Friday, June 23, 2017

Within the Dungeon Interview: Kicksnarker in Charge Eric Franklin

Armed with a well-bristled beard and a healthy thirst for games, Eric Franklin joins me for a chat about Kicksnarker, a G+ community focused on providing a critical, often cynical, and sometimes comical take on all things crowdsourcing.

Eric thanks for agreeing to this and welcome. So, for those poor and downtrodden souls who have no idea… What is Kicksnarker? What motivated, or why did you decide to create this community?

The man behind the beard (link to blog)
Kicksnarker is a community which was originally there so people could vent their frustrations with crowdfunding. Late projects, uncommunicative creators, and (of course) things that were just plain stupid. There was a project I had backed that I was venting about, and someone tagged the project creator into my (personal) vent post. It was awkward and weird, so I decided that I needed a rant space.
Is there a method to all this madness? Any tips for Snarker Sleuths?
Snarker Sleuths? I assume you mean "people who are looking for stupid things in crowdfunding."  If you're looking for stupid, it's really not hard to find. Pick your hobby, and search that category on Kickstarter (or IndieGoGo or your platform of choice). I guarantee you'll find dozens of stupid projects that aren't worth anyone's time or attention.

“Just plain stupid” and “stupid things” are you thinking of specific crowdfunding projects? Or what is an example of a project or two, which spikes the stupid meter?
I find projects that re-invent the wheel to be stupid. Like this one, that reinvents the bundling board. This project is an example of a zero-effort project where someone heard there is money to be had, but doesn't actually demonstrate how or why they deserve your money. People who overestimate their own talent create projects that are accidentally funny, like this one.  All three of those, by the way, have appeared in the community in the last month.  Projects that fix imaginary problems are another thing that, for me, falls into the category of "stupid."  Like this. Or this.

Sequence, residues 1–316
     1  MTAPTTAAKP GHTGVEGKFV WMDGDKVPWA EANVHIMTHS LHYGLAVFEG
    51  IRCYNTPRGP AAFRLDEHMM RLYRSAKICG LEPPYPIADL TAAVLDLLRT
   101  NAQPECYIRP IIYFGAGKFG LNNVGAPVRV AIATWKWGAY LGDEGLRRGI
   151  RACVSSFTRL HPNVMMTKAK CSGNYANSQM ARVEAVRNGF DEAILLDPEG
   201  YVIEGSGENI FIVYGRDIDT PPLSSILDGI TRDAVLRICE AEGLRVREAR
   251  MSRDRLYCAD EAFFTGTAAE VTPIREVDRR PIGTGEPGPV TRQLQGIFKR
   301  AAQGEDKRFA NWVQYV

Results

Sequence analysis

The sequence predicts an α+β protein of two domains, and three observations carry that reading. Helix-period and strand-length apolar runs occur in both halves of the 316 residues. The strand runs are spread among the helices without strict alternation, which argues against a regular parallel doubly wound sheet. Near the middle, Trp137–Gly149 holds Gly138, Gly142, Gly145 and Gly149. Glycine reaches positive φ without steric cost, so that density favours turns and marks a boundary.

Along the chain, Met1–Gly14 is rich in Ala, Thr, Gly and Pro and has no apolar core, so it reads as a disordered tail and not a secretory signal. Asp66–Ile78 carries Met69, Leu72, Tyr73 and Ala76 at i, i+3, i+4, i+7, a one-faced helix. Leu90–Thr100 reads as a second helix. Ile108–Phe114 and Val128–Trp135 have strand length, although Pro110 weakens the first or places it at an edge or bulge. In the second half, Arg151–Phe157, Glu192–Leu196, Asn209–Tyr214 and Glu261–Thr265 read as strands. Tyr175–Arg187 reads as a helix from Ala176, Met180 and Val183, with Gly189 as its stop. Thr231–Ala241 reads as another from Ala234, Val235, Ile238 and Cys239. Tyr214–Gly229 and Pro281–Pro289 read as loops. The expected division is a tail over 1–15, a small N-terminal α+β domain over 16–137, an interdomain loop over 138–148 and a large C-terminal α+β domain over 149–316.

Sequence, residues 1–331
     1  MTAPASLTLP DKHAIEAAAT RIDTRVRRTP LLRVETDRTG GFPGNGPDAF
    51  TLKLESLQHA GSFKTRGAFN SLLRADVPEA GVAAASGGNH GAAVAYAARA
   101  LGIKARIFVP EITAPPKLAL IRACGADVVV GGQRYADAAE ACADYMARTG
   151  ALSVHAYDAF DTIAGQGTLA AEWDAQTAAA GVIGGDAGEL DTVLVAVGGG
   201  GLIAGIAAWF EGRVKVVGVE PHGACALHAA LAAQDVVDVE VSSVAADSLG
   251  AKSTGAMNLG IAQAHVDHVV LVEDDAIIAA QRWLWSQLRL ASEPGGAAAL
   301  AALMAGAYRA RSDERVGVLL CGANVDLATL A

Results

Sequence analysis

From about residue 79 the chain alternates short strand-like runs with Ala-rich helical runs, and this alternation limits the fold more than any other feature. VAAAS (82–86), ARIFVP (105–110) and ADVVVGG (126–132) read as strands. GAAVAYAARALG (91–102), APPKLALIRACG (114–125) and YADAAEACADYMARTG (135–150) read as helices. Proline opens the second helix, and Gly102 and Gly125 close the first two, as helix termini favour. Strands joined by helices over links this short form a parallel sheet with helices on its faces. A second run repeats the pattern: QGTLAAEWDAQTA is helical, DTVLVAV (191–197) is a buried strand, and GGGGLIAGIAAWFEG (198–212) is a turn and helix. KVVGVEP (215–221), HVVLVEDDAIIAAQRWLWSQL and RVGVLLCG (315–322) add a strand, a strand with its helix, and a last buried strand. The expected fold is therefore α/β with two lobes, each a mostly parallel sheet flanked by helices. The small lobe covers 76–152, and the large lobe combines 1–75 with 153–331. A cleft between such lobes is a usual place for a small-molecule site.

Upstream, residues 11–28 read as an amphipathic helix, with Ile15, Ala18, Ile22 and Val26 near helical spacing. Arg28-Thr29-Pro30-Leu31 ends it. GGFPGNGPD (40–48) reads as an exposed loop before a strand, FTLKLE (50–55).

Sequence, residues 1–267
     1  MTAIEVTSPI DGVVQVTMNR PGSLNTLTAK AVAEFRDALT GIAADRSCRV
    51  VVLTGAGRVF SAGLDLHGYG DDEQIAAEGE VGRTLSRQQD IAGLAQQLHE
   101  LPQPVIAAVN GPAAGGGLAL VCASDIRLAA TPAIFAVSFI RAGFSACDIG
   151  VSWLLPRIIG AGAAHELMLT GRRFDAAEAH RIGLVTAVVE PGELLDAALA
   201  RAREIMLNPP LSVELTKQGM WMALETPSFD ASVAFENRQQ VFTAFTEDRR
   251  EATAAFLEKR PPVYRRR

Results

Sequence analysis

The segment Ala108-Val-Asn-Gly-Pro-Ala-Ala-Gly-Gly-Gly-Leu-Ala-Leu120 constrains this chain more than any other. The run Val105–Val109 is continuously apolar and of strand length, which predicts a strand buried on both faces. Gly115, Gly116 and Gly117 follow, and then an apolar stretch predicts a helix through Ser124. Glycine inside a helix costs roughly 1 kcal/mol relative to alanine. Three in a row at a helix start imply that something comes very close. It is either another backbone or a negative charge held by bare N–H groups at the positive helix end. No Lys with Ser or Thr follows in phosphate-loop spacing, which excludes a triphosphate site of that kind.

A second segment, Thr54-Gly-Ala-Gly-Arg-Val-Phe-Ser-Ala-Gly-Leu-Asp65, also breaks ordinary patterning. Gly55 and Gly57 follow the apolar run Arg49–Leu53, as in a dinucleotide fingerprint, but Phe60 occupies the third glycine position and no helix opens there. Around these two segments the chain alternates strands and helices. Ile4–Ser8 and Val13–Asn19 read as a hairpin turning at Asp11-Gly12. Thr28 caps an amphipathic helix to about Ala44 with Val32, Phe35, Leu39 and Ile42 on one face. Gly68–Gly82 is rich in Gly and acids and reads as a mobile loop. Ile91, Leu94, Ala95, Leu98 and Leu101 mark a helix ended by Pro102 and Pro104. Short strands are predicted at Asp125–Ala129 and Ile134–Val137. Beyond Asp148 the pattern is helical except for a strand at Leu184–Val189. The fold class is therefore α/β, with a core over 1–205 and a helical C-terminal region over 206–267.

If there was such a thing as the “Seven Deadly Snarks” or a ranked list of the most common campaign crowdfunding mistakes, (before funding) what would that list start with? Why?
Here's some of what I look for when deciding whether or not to back a project:
- Is the pitch coherent? When you're selling yourself, grammar and punctuation (and spelling) do matter.

- Do your pledge levels make sense?  There was a project a few years ago that had the game for one price, the dice as an add-on for another price, and the game with the dice for a third price. It was cheaper to buy the game and add the dice on than it was to buy the bundled pledge level. I've also seen a number of projects that have limited pledge levels where even if every level sold out, it wouldn't hit its goal.